Macau casino revenue slipped 97% to $89.7 million in June: DICJ
The high-revenue generating casino hub Macau suffered a steep year-on-year decline in its gaming revenue during the month of June as the COVID-19 pandemic-caused travel restrictions and strict quarantines continued to discourage gaming enthusiasts from visiting the hub, newly-published official data revealed.
According to data published by Macau’s Gaming Inspection & Coordination Bureau (DICJ), casinos in the special administrative region (SAR) of China generated revenue of merely MOP716 million (US$89.7 million) during the month of June, representing a decline of 97 per cent from the corresponding month of 2019. It is also worth-mentioning here that June was the ninth month in a row in which the top casino hub of the world suffered a decline in annual revenue.
In May 2020, Macau’s casinos collectively generated a revenue of MOP1.76 billion, while the revenue figure for the month of April was reported at MOP754 million. The rate of decline in revenue recorded in June was also worse than April’s rate of decline of 96.8 per cent. For the year-to-date, the casino hub’s revenue slipped 77.4 per cent to MOP33.7 billion (US$4.2 billion) from the corresponding period of the previous year.
Macau’s casinos have been struggling since February, when the outbreak of COVID-19 pandemic forced authorities to issue shutdown orders for all non-essential businesses, including gaming facilities. Since then, strict travel restrictions and quarantines have kept high-roller gamers away from the SAR. All those restrictions are part of the government’s efforts to curb the potentially deadly virus that claimed more than 516,000 lives across the world.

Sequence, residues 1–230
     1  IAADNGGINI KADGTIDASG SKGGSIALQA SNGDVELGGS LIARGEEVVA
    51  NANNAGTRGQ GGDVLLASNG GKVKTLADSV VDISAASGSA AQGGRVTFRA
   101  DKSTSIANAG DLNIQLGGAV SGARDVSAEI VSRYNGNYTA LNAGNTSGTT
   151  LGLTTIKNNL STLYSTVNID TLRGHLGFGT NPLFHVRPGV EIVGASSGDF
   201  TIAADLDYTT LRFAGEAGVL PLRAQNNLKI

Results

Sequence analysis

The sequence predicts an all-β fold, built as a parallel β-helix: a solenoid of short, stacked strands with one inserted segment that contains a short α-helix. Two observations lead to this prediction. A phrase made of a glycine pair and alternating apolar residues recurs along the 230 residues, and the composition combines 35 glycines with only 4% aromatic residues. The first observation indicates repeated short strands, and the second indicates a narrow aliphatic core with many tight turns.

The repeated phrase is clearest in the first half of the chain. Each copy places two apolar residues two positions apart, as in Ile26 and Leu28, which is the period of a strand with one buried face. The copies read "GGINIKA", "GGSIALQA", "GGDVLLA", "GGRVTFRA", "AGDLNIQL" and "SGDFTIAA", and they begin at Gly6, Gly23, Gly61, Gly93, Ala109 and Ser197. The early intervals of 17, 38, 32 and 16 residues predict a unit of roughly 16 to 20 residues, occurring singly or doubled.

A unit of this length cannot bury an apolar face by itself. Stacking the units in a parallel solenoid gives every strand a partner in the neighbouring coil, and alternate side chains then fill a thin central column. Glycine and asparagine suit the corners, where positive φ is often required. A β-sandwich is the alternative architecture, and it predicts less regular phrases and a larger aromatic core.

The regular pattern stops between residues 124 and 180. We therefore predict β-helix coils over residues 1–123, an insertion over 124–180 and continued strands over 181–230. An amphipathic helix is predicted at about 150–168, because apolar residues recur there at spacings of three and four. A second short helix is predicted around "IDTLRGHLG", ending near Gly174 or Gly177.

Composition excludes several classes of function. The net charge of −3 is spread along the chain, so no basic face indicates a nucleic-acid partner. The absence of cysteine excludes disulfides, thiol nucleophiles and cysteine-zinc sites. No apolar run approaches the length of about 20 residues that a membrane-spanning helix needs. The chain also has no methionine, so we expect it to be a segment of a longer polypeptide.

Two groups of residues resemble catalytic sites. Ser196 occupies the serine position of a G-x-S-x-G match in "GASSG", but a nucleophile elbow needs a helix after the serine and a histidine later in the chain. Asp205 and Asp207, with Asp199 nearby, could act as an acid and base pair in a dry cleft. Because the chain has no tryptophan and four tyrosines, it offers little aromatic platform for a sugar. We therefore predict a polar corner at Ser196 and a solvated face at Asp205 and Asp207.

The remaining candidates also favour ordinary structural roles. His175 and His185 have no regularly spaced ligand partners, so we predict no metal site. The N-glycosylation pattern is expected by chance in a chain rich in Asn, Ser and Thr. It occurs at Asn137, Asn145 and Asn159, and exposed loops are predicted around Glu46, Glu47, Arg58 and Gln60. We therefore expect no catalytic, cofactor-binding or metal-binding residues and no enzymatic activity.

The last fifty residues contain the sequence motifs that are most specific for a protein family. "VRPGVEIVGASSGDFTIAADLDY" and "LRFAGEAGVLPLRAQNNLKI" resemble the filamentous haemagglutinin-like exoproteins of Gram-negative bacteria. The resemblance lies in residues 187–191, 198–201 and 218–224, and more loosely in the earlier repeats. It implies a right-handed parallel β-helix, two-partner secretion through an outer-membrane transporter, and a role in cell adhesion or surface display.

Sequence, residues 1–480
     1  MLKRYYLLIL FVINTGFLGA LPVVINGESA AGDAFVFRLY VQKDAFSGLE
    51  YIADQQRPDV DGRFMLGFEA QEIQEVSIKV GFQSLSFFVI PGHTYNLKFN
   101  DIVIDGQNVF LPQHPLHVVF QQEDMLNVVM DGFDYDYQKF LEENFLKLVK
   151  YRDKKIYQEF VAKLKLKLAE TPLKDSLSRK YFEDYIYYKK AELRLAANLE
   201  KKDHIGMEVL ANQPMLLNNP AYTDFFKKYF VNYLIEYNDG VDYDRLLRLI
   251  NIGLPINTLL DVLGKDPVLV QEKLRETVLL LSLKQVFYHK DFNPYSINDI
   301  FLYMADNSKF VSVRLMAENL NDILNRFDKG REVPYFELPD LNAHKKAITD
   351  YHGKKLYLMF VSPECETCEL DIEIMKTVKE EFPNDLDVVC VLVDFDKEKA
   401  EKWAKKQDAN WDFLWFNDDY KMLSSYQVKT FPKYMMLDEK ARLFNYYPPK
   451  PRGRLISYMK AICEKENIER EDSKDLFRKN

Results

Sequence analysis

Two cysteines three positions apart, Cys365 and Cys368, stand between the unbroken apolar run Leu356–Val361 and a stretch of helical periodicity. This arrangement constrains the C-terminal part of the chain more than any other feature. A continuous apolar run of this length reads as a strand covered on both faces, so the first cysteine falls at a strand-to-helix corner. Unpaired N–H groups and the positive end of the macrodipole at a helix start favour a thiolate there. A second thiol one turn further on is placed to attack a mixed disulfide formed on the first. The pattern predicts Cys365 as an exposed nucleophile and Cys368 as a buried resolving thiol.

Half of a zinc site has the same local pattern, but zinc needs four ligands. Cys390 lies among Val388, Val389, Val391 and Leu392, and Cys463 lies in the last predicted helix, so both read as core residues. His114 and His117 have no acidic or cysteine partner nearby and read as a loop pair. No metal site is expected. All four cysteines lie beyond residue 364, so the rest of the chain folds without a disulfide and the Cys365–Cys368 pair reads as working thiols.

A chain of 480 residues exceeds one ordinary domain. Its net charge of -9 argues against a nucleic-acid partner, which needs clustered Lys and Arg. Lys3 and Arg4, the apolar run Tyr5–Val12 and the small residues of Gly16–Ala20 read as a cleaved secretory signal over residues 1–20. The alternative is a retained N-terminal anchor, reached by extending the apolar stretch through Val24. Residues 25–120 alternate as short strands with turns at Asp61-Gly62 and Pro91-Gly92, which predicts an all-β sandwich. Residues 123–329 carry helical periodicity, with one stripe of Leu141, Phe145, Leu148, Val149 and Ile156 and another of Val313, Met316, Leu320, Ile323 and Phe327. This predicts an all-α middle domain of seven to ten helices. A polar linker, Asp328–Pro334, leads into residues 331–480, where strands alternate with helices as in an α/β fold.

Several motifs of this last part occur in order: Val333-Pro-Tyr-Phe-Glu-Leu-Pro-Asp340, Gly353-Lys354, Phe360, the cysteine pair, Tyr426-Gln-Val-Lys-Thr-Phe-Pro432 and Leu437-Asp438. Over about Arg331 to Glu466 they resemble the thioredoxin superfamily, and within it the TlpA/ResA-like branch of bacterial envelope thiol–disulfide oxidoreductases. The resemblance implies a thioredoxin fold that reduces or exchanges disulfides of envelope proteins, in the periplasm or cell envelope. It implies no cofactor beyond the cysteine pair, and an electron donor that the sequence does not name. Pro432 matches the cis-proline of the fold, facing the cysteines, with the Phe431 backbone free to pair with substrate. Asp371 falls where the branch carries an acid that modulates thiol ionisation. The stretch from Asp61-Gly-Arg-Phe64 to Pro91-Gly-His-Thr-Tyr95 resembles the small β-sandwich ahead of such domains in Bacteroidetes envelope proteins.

Earlier this week, Hong Kong’s government declared that it had extended its 14-day strict quarantine policy for all people arriving from the casino hub. People travelling from Mainland China to Macau are not required to self-isolate in Macau but they have to undergo 14-day quarantine after they return to the mainland. The ban on the popular Individual Visit Scheme (IVS) has not been lifted yet.
According to the casino hub’s Statistics & Service Bureau (DSEC), local hotels greeted merely 116,000 guests during the month of May, representing an annual decrease of 89.9 per cent. Average occupancy rates slipped to just 12.3 per cent.
As casino revenue plays the most important role in Macau’s financial system, the steep decline in proceeds will surely put a great strain on the local economy. The government has already announced its decision to slash its annual budget by around 10 per cent and impose ‘austerity’ measures on various social services.
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